Elliott Smith’s Most Overlooked Songs

I always said Either/Or is one of my top 10 albums of all time. The sad thing is I can’t listen to it anymore, it’s too hard. I’ll put it on and my mind just starts thinking of things that I don’t want to think about while listening to a record I love.

-Scott Booker


Steven Paul “Elliott” Smith died ten years ago today.  In remembrance, here’s an overview of some of his most overlooked songs:

Roman Candle

Keep in mind that when this was written Kurt Cobain was still alive and the future of “grunge” was wide-open. Sure, the term itself was already played out but there was a sensibility to that era of songwriting that – radio friendly unit shifters aside – held promise to develop in unforeseen directions. Elliott initially came across as the singer-songwriter branch of that possibility, and never more so than on this track. Recorded as a demo with the hopes of perhaps landing him a solo deal for a 7″ (his pre-fame group Heatmiser was still his main musical focus), Elliott announced his break from the band with an intense profile of his abusive step father. Winding the lyrics into a hallucinatory section that emotionally retraces the pains of his childhood:

He played himself
Didn’t need me to give him hell
He could be cool and cruel to you and me
Knew we’d put up with anything

I want to hurt him
I want to give him pain
I’m a Roman candle
My head is full of flames


Elliott’s first solo album was technically Roman Candle, a collection of demos recorded in his girlfriend’s basement that unexpectedly became a set for public release after Smith relented to label requests (nearly half the tracks didn’t even have titles and were labeled “No Name #1,” “No Name #2” etc). For this reason many fans think of his eponymous second album as his real debut – as it’s the first record he made as “an album.” That doesn’t mean the production differed much though. To the contrary Elliott Smith is memorable for its simple recording approach, mostly acoustic guitar and double tracked vocals. This stark approach defines standouts such as “Clementine,” which offset haunting harmony vocals and dissonant licks with a rich acoustic guitar sound and a sense of perfect symmetry. In just a few couplets Elliott paints not just a picture of a bar at closing time, but also a portrait of a man’s inner turmoil from nagging memories of a love gone sour:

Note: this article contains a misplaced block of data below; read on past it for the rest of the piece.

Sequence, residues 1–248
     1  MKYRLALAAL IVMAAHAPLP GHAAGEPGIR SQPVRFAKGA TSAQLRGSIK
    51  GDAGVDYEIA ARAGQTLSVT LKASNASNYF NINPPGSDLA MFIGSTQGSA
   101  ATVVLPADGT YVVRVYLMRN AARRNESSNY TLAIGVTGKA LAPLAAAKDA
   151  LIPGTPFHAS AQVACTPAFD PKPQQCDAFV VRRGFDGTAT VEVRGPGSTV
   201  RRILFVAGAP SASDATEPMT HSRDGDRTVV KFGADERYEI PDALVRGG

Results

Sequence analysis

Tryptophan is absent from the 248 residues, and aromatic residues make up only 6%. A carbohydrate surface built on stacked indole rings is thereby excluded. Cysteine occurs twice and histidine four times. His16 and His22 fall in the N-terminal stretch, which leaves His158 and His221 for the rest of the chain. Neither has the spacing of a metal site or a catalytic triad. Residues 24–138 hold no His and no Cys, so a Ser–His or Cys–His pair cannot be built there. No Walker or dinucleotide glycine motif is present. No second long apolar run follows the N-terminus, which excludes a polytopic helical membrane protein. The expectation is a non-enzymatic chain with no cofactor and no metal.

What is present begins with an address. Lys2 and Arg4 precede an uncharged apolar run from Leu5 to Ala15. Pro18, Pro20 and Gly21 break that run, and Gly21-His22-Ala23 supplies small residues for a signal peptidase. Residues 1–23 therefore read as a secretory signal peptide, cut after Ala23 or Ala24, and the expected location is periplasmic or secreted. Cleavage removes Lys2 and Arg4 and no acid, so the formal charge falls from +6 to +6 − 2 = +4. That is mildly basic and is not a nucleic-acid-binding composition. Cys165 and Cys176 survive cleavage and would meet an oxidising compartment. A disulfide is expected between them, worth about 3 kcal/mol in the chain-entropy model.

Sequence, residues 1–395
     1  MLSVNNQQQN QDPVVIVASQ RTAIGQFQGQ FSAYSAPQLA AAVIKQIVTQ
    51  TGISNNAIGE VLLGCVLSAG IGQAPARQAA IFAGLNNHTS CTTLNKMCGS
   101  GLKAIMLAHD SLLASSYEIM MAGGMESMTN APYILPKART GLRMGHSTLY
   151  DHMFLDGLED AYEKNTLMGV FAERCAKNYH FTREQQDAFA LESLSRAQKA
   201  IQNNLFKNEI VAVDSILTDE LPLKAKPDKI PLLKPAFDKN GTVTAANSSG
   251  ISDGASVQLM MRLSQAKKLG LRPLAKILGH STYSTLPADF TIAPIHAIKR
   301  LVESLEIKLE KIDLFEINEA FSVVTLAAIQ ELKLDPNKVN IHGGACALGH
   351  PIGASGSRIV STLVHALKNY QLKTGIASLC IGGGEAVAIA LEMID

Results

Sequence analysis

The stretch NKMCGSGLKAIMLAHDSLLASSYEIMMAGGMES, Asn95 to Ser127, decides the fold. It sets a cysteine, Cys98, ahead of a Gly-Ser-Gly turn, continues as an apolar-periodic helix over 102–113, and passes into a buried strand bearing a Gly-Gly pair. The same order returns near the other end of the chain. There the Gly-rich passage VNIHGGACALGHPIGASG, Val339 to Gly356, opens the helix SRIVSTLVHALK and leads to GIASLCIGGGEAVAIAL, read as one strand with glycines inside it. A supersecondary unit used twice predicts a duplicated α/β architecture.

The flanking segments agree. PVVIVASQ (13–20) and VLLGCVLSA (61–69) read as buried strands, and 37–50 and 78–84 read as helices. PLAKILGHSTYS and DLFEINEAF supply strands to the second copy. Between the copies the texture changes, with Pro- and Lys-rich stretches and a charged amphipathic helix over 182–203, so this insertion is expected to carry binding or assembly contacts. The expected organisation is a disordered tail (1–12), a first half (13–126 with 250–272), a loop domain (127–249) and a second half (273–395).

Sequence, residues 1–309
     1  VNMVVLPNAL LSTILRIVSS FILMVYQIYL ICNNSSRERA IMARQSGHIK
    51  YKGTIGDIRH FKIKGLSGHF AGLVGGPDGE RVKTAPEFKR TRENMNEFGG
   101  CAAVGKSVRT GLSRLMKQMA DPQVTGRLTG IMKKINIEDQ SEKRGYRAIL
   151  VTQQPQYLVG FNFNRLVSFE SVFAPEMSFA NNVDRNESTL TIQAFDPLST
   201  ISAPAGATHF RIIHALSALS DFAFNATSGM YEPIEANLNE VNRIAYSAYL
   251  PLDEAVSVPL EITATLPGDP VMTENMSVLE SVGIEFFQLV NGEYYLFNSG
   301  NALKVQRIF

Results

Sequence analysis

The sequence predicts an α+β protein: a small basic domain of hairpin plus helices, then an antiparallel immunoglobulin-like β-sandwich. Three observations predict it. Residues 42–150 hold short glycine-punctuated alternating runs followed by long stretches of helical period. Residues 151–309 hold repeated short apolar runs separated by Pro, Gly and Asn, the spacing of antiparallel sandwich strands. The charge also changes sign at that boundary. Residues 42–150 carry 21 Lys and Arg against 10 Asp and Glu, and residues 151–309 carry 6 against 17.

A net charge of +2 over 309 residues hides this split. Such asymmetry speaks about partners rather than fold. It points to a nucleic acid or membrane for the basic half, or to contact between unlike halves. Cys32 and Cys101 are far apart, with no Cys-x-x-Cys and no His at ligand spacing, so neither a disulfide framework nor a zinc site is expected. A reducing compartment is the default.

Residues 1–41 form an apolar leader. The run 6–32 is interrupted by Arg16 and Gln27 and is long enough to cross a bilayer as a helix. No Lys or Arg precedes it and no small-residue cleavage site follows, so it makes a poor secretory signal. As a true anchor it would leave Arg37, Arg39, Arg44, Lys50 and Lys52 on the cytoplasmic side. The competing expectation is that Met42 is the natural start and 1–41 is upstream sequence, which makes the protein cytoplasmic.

They’re waking you up to close the bar
The street’s wet you can tell by the sound of the cars
The bartender’s singing “Clementine”
While he’s turning around the open sign

Dreadful sorry Clementine
Though you’re still her man
It seems a long time gone
Maybe the whole thing’s wrong

What if she thinks so but just didn’t say so?

You drank yourself into slo-mo
Made an angel in the snow…

Oh my darling Clementine

St. Ides Heaven

Nobody could do moody melancholy like Elliott.

The second of two songs on his eponymous 1995 album named after a liquor brand, Smith tells you exactly how he feels when he’s walking “around here drunk every night with an open container from 7-11 in St. Ides Heaven.” Elliott often sang about the moon, but arguably never more vividly than in his description of how he sees the sky when his head is “full of stars, high on amphetamines” on this album standout’s hypnotic refrain:

the moon is a light bulb breaking.

Division Day

There was a grown man dying from fright so surprised by the things he’d say
With a giant fantasy life running ’round on feet of clay

A stand alone 7″ from the same year as his acclaimed Either/ Or (and his mainstream breakthrough via the Goodwill Hunting soundtrack), “Division Day” ups the rock quotient and production in equal measure. Don’t let the pep and pop fool you though. What really makes it one of the defining indie rock singles of the late ’90s is its flowing melody and gripping lyrics:

I can’t make an exception for a bad
Connection that only goes one way
Sell out for a song where I don’t belong
With you on division day

Independence Day

A future butterfly, gonna spend the day higher than high
You’ll be a beautiful confusion...”

With the sort of twisted chord sequence John Lennon might write, this track (from Smith’s major label debut XO) showcases Smith’s knack for enigmatic lyrics. To some it’s about recognizing your own beauty. To others it’s a drug song. Then again maybe it’s an innocent YOLO anthem:

Everybody knows you only live a day
But it’s brilliant anyway…

Coast to Coast

There are numerous accounts of the troubles Smith faced the last three years of his life.  At the same time however he was creating his most ambitious work for a planned double album, From a Basement on a Hill. Often brooding with hints of psychedelia and steeped in Smith’s most Beatlesque tendencies, Basement was left unfinished at the time of his death. Friends and family tidied what Smith left behind for a posthumous single disc released in 2004. Opener “Coast to Coast” – with its noisey guitars and layers of trippy piano and voices – announced loud and clear this was a bold departure from the soft singer-songwriter-isms of his signature songs. Driving the point was the double drum track, a different drummer in each speaker via Steven Drozd and Beachwood Sparks’ Aaron Sperske.